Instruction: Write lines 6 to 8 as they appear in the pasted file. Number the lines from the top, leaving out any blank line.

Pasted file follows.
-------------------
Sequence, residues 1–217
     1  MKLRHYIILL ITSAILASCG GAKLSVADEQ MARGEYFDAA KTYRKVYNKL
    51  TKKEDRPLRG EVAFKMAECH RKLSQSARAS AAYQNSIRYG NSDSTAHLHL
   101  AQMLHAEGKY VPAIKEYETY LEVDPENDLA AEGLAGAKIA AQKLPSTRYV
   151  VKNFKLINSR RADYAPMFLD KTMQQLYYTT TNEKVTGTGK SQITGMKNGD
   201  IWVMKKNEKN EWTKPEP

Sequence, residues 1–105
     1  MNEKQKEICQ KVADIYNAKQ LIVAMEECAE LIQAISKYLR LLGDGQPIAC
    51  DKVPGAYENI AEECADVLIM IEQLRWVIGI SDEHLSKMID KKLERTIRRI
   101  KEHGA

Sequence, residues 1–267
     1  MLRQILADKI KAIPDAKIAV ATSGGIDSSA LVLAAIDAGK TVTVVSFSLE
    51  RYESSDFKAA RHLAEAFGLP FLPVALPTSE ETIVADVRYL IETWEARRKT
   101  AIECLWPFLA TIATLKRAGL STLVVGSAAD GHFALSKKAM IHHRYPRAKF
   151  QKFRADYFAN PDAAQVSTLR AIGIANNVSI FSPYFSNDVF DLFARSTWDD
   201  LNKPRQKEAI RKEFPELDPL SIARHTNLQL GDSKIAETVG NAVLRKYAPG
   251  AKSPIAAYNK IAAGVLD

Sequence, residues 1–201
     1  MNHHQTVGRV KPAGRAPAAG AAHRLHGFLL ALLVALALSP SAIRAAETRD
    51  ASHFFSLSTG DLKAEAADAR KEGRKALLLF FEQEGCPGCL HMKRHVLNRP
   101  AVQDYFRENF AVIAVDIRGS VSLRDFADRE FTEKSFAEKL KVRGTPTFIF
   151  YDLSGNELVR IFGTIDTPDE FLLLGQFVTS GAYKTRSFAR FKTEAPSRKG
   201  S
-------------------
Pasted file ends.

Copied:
   201  IWVMKKNEKN EWTKPEP

Sequence, residues 1–105
     1  MNEKQKEICQ KVADIYNAKQ LIVAMEECAE LIQAISKYLR LLGDGQPIAC